Wayne Wang's follow-up movie to Smoke presents a series of improvisational situations strung together to form a pastiche of Brooklyn's diverse ethnicity, offbeat humor, and essential ...
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Ion De Sosa
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Wayne Wang's follow-up movie to Smoke presents a series of improvisational situations strung together to form a pastiche of Brooklyn's diverse ethnicity, offbeat humor, and essential humanity. Many of the same characters inhabiting Auggie Wren's Brooklyn Cigar Store in Smoke return here to expound on their philosophy of smoking, relationships, baseball, New York, and Belgian Waffles. Most of all, this is a movie about living life, off-the-cuff. Written by
Tad Dibbern <DIBBERN_D@a1.mscf.upenn.edu>
Filmed in just five days, using the same set and much of the same cast as Smoke (1995). The premise of the film came to directors Wayne Wang and Paul Auster while watching an improvisation session between Harvey Keitel et. al. to help them get into character for filming Smoke (1995). They decided that the improvisations were so funny that they would spend a few days after shooting Smoke just filming film is almost entirely improvised. Auster and Wang claim to have "borrowed" the idea of shooting another movie on the back of an existing one from Roger Corman who often used to shoot movies very quickly on leftover sets from other productions. See more »
Dot bolts the store door to talk with Auggie, then leaves without unlocking it. See more »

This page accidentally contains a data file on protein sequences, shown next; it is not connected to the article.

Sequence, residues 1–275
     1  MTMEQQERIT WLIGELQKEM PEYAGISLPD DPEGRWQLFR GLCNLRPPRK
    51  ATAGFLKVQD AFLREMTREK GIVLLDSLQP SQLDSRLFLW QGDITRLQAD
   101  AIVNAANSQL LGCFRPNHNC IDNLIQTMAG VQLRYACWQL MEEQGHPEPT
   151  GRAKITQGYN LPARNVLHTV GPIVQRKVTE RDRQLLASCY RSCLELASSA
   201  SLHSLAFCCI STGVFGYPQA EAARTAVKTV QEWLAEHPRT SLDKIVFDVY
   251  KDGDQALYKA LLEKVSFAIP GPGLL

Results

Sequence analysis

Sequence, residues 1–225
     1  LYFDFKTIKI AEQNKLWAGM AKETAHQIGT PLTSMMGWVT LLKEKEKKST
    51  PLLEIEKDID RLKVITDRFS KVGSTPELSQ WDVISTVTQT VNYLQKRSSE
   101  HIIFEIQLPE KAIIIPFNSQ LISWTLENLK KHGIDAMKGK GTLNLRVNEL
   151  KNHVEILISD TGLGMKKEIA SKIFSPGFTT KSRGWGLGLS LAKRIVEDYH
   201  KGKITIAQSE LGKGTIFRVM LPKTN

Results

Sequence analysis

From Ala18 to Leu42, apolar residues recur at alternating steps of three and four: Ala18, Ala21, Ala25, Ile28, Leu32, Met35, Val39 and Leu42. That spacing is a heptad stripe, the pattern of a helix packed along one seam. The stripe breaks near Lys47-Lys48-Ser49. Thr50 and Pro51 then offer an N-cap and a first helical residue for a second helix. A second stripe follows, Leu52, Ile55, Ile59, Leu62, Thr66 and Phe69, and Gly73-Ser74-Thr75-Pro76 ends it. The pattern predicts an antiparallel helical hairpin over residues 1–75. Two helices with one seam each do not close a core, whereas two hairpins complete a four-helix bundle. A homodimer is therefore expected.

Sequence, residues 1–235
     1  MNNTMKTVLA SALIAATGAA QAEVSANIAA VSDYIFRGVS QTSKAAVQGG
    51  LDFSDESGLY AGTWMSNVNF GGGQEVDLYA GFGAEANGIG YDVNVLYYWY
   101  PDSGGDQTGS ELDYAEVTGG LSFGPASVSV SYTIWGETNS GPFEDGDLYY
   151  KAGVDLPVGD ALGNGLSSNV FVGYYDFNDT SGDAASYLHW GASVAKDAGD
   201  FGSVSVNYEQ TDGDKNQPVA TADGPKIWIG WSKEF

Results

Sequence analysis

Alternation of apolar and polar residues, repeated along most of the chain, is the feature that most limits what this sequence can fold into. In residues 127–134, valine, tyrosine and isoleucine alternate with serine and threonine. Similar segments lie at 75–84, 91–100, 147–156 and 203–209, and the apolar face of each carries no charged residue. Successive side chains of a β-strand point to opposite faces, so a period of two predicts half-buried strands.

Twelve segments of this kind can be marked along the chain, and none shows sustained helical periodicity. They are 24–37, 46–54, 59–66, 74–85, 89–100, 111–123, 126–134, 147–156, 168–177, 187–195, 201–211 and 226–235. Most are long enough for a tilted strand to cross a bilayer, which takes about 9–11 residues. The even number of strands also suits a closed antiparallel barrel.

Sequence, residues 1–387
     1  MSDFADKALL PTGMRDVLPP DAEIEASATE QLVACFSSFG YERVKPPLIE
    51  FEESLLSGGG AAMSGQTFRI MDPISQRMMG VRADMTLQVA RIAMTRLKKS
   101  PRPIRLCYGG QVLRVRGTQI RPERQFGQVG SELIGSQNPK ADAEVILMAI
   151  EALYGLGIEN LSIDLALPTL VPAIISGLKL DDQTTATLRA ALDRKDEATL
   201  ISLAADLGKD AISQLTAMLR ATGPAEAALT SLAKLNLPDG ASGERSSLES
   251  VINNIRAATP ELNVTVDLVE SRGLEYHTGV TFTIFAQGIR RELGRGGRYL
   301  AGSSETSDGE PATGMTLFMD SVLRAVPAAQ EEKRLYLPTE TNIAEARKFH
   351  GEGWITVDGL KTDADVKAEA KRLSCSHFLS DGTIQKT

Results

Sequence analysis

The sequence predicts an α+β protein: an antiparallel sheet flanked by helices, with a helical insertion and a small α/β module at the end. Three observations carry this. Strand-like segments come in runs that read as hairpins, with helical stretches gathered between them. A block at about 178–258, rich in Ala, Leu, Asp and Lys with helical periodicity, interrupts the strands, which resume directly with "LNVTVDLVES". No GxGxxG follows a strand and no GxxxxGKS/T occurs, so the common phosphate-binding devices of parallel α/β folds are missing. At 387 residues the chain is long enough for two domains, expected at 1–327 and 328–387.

Man with Strange Glasses:
I'm scared 24 hours a day, but not necessarily in New York.I actually feel pretty comfortable in New York.I get scared like in Sweden.You know, it's kind of empty. They're all drunk.Everything works.If you, you know... If you stop at a stop light and don't turn your engine off... people come over and talk to you about it.You open the medicine cabinet and there'll be a poster saying..."In case of suicide, call..."
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Situations Created in collaboration with THE ACTORS See more »
Performed by Da Bush Babees
Written by Jamahl Hana, Acklins Dillon, Harold Lee, Salaam Remi
Published by Da Bush Babees Sounds (BMI) and EMI April Music/Salaam Remi Music, Inc. (ASCAP)
Da Bush Babees appear courtesy of Warner Brothers Records Inc. See more »
Two things need to be understood, Brooklyn and Wayne Wang. Can those of you who saw Chang is Missing, really pretend that Wayne Wang's films push the envelope? I mean, it's always a bit beyond the cutting edge with WW. A great film maker, he has a great sense of humor and is smart enough to let actors take their heads sometimes. OK. Now, Brooklyn. Forget this crap about "New York," if you know Brooklyn and especially, the OLD Brooklyn of, say, 1956, that last great year of the Dodgers [I was a young Naval officer there in Brooklyn Naval Shipyard that year], then you know there's a HUGE cultural barrier separating NY from there. Now, you're getting warm. OK, when I saw Smoke, I saw a teaser of a sequel. Now, we all know sequels generally suck but Smoke had that extra something that made me want to risk a buck to see Keitel in action again. Well, waited and waited and then, this is on the shelves. It's a GEM! Don't listen to those chumps who don't know squat about WW or Brooklyn and, hey, let me ask you...did you pay to go see that Star Wars Prequel? Sure you did. So don't gripe. This is the great SMOKE PREQUEL! Go Wayne Wang! Up with Brooklyn, old (definitely not new, i.e ., LA) Dodgers, Belgian waffles, and Sexy Puerto Rican girls dialoguing with themselves in the mirror, saying "Ju lik Epanish gorls?" YES!
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